On Tuesday, Bellavia, 43, of Lyndonville, N.Y., became the first living American to receive the Medal of Honor for actions in the nearly nine-year Iraq War. President Trump draped the award around his neck during a White House ceremony as friends and family members as well as 32 people who served with Bellavia in Iraq watched and then cheered.
Bellavia, who left the Army in 2005, is credited with braving enemy fire to free fellow soldiers from the kill zone, and reentering the house in the city of Fallujah to chase down and kill other insurgents, including one in hand-to-hand combat with a knife.
“Alone in the dark, David killed four insurgents and seriously wounded a fifth, saving his soldiers and facing the enemies of civilization,” Trump said.
Bellavia, who was previously awarded the Silver Star for his actions that day, is among a group of service members who fought in Iraq and Afghanistan whose awards for valor were upgraded after a review launched by then-Defense Secretary Ashton B. Carter in 2016.
In March, on the basis of the same review, Army Staff Sgt. Travis Atkins was posthumously awarded the Medal of Honor for smothering a grenade in Iraq in 2007 to save the lives of fellow soldiers. More than 100 awards have been upgraded.
The awarding of the Medal of Honor, the nation’s highest recognition for valor in combat, to a living recipient comes after years of frustration among veterans over the lack of such recognition. How, they wondered, could no one be worthy of such recognition after all of the intense urban combat of Iraq?
In a meeting with reporters at the Pentagon on Monday, soldiers who fought alongside Bellavia credited him with saving their lives.
“He put himself in the line of that fire and laid down a base of fire, overwhelmed the enemy long enough for me to get myself and the members of my squad out,” said retired 1st Sgt. Colin Fitts, one of the soldiers pinned down in the house. “Were it not for David Bellavia, I wouldn’t be sitting here today.”
Bellavia was fighting in Operation Phantom Fury, in which more than 10,000 U.S. troops took back from 3,000 to 4,000 deeply entrenched insurgents what had once been a city of more than 350,000 people. The intense clash, commonly known as the Second Battle of Fallujah, included scores of close-quarters gun battles in house-to-house fighting.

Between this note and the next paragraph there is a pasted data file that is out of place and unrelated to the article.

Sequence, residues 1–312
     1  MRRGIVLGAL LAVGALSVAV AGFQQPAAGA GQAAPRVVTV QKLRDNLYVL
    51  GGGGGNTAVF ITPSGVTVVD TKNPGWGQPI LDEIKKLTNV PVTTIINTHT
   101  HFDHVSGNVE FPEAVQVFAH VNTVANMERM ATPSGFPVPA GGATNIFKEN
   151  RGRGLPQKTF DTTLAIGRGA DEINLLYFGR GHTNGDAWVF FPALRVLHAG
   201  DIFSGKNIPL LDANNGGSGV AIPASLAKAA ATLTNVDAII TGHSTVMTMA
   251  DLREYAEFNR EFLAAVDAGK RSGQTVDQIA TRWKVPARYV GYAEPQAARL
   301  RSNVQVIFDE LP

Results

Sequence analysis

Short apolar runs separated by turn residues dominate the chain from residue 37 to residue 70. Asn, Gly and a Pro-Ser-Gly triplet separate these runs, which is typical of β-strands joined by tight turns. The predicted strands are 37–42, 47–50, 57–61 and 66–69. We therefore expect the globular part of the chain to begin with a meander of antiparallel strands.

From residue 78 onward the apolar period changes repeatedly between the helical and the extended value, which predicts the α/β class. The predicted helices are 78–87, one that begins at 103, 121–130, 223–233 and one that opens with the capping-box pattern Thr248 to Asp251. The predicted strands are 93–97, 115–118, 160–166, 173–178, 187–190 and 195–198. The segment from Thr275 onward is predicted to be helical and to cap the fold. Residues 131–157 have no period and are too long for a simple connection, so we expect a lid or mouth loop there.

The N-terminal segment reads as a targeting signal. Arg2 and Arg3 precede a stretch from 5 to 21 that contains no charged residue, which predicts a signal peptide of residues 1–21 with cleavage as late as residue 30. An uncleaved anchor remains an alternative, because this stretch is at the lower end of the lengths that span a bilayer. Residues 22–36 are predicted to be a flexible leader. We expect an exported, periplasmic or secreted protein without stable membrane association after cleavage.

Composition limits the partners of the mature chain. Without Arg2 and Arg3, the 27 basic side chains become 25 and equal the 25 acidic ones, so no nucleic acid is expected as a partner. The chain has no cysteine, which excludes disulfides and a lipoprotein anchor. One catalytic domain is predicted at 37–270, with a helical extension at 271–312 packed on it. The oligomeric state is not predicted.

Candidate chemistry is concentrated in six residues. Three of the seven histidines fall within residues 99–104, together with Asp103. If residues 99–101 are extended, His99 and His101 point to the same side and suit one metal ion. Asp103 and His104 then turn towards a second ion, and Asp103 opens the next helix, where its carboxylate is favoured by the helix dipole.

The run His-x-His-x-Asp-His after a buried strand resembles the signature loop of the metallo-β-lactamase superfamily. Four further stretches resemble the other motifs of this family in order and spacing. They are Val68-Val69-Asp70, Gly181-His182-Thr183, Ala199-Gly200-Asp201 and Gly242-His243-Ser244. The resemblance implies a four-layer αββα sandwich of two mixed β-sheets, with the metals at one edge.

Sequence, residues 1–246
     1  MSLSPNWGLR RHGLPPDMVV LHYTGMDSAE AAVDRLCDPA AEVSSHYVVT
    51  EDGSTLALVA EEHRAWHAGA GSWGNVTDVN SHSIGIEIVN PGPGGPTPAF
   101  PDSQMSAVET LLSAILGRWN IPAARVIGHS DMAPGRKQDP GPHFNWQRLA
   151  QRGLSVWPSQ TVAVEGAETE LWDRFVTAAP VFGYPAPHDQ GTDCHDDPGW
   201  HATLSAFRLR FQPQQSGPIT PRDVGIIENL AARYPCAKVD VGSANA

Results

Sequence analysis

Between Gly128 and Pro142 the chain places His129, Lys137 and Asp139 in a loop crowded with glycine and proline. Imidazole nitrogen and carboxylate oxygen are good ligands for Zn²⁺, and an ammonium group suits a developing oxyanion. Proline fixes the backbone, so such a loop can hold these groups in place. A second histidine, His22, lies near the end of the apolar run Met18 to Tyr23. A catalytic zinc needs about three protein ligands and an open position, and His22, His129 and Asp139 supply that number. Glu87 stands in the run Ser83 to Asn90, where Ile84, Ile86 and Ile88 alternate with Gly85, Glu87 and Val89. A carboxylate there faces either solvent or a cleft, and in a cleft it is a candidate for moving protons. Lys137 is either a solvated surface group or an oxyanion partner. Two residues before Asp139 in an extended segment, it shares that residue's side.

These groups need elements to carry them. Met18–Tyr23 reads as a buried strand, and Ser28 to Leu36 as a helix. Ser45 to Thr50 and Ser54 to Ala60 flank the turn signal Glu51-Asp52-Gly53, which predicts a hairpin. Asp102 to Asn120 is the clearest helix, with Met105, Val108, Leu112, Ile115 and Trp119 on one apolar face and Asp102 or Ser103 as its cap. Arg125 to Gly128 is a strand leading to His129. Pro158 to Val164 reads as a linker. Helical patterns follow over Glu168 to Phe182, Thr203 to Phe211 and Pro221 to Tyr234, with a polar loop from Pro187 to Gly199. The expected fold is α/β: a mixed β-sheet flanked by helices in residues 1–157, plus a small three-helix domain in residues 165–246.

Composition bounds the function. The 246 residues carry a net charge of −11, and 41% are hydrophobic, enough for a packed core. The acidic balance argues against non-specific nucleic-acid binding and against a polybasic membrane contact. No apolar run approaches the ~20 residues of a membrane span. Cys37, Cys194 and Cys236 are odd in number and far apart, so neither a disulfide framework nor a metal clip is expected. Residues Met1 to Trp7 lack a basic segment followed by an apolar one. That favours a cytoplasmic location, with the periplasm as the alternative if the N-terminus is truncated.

“I never thought I would see love on a battlefield," said Bellavia, speaking at the Pentagon on Monday. “It’s horrible, it’s ghastly, it’s ghoulish. But you see people doing things for each other that they would never, ever do in any other circumstance, and it is a sight to see.”
In the latter half of the battle, Bellavia reentered the house after a U.S. Bradley Fighting Vehicle pounded it with 25 mm cannon fire, with other soldiers covering him. The building was filling with slick, noxious water after the plumbing was destroyed by gunfire, but insurgents inside were still alive.
Bellavia pursued them, he said, because they had a rocket-propelled grenade launcher that could have killed numerous U.S. troops.
At one point, an insurgent burst out of a wardrobe, and Bellavia shot him multiple times as they exchanged fire, according to an Army account of the battle.
When the enemy fighter began running away, Bellavia followed his blood trail up to the second floor, slipping in the blood. He threw a grenade into the room where the enemy fighter was hiding. The two men then grappled in hand-to-hand combat, with Bellavia killing the man, according to Bellavia’s Silver Star citation.
“I walked into situations that were happening in real time, and I just had to react to it," Bellavia said. "And that’s exactly what I did.”
Col. Douglas Walter, Bellavia’s former company commander, said he nominated Bellavia for the Medal of Honor early in 2005. Walter knew that senior military officials would scrutinize his recommendation, and “initially we weren’t sure what happened to it."
Bellavia said Trump notified him late last year that he had been approved for an upgrade.
“I always felt that there was the opportunity to have it reevaluated and looked at, and obviously, apparently that did happen,” Walter said. "So regardless of the process, we’re sitting here today and we’re honoring a great soldier and a great American for some pretty incredible things.”
Bellavia’s actions took place on his 29th birthday in the midst of a dangerous deployment for his unit, the 2nd Battalion, 2nd Infantry Regiment of the Army’s 3rd Brigade Combat Team, 1st Infantry Division. Thirty-seven people from the brigade died that year, including Capt. Sean Sims, Bellavia’s company commander.
“These were not random splashes of misfortune," Bellavia said. "These were men who saw the enemy, made contact with the enemy and gave their lives for this country.”
Bellavia has been a talk-show host in Buffalo and ran for Congress as a Republican. But he indicated Monday that he is now interested in helping the Army in some capacity to find the next generation of soldiers.
“Look, there is a million and five reasons why we are divided in this country," he said. “I never cared what your skin color was, who you worshiped or who you loved. If you are willing to get shot at for me and my buddies, I will follow you, and I will lead you anywhere.”